Previous studies have also reported that weight bearing exercises such as squats were functional, because these exercises require the movement of more joints than non weight bearing exercises, promote functional patterns of muscle mobilization, and stimulate proprioceptive senses7). Also, static resistance exercises increase vascular compliance more than aerobic exercises8), and one-shot gradual maximum exercises induce significant increases in the blood flow velocity in the middle cerebral artery9).

In a previous study that measured the degrees of inconvenience in relation to lower-extremity positions, high degrees of inconvenience were shown at knee joint angles of 60° and 90°, and low degrees of inconvenience were shown at chair heights of 40 cm and 20 cm and in cross-legged sitting positions10).

Although studies have been conducted on the degrees of inconvenience related to lower-extremity positions, few studies of the effects of lower-extremity positions on the blood flow velocity of the lower extremities have been conducted.

Therefore, this study examined the effects of squat exercises performed in toilet-using postures on the blood flow velocity of the lower extremities for the prevention of DVT.


SUBJECTS AND METHODS
Subjects

This study was conducted with 28 students who were attending B University in Cheonan. They were divided into a group of 14 subjects (6 males, 8 females) of sitting toilet users and a group of 14 subjects (7 males, 7 females) of squat toilet users. The mean age of the sitting toilet-using group was 22.78 ± 2.93 years, the mean height was 165.71 ± 6.67 cm, and the mean weight was 57.92 ± 11.39 kg. The mean age of the squat toilet-using group was 23.07 ± 2.58 years, the mean height was 168.00 ± 8.19 cm, and the mean weight was 62.07 ± 11.67 kg. When selecting the subjects, those who had limited range of lower-extremity joint motion, those who had problems found by ultrasonic diagnosis, and those who had vasomotor dysfunction11) were excluded. This study was approved by the Institutional Review Board of Bronco Memorial Hospital.

Methods

To examine the effects of squat exercises in different toilet-using postures on changes in blood flow velocity, the subjects were instructed to perform sitting toilet-using postures and squat toilet-using postures.

For the sitting toilet-using postures, the subjects were instructed to sit on a model toilet with a height of 40 cm, the standard height of pedestal toilets, and place their feet as they usually did, while maintaining their back upright. For the squat toilet-using postures, the subjects were instructed to sit with their heels 30 cm apart from each other, which is the standard width of squat toilets.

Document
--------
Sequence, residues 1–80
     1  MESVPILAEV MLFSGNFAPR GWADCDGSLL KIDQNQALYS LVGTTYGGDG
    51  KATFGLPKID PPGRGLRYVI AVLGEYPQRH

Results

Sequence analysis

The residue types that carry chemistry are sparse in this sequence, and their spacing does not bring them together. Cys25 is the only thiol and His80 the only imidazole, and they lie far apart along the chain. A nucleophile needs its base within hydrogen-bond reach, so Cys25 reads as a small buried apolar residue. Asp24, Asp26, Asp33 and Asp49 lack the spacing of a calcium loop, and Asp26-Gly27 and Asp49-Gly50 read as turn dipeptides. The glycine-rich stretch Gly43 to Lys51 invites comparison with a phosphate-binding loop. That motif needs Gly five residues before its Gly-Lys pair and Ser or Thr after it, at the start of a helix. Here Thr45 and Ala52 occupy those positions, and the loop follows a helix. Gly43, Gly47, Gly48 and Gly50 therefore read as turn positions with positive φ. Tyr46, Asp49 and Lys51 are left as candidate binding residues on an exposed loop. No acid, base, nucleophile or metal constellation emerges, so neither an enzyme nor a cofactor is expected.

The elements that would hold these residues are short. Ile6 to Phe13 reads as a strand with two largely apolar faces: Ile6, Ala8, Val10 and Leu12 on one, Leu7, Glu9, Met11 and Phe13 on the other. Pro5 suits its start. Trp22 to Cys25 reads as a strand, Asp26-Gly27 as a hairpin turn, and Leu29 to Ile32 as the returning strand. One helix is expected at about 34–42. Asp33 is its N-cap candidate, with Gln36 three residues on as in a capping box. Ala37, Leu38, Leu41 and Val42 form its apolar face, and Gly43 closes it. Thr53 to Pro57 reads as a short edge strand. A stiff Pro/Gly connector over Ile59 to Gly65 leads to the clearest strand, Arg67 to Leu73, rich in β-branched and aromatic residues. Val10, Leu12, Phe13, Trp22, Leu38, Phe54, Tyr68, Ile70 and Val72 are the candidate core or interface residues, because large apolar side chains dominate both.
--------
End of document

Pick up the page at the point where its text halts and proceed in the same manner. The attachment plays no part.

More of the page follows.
Blood flow velocities were measured using ultrasonic imaging equipment (LOGIQ e Portable, GE Inc., USA) with 10 MHz linear probes. To take images of the same measurement regions of the subjects, the region where the right medial ankle bone meets the second toe (the location where the dorsal venous arch and the great saphenous vein meet) was marked using the color flow mode of the ultrasonic equipment12). Blood flow velocities were measured in individual measurement postures and measured again 15 minutes later. A rest was given for 20 minutes thereafter.

Squat exercises were performed with the subject’s arms folded and the subject’s back maintained upright while putting the feet at shoulder width and maintaining a knee angle of 60°13). Each motion was maintained for 10 seconds, and 5 sets of 10 repetitions were performed. A rest of one minute was given after each set. Blood flow velocities were measured in individual measurement postures after the exercises and remeasured 15 minutes later. Variations in blood flow velocities were measured using analytic software (R5.x.x software for the LOGIQ e ultrasound system, GE Inc., USA).

Statistical analyses were conducted using SPSS for Windows (version 18.0). The data were analyzed using independent t-test to verify the homogeneity of demographic characteristics and dependent variables. The data were also analyzed using the paired t-test to compare differences in the variations in blood flow velocities before and after the exercises and the independent t-tests for comparisons between the two groups. The significance level was chosen as 0.05.


RESULTS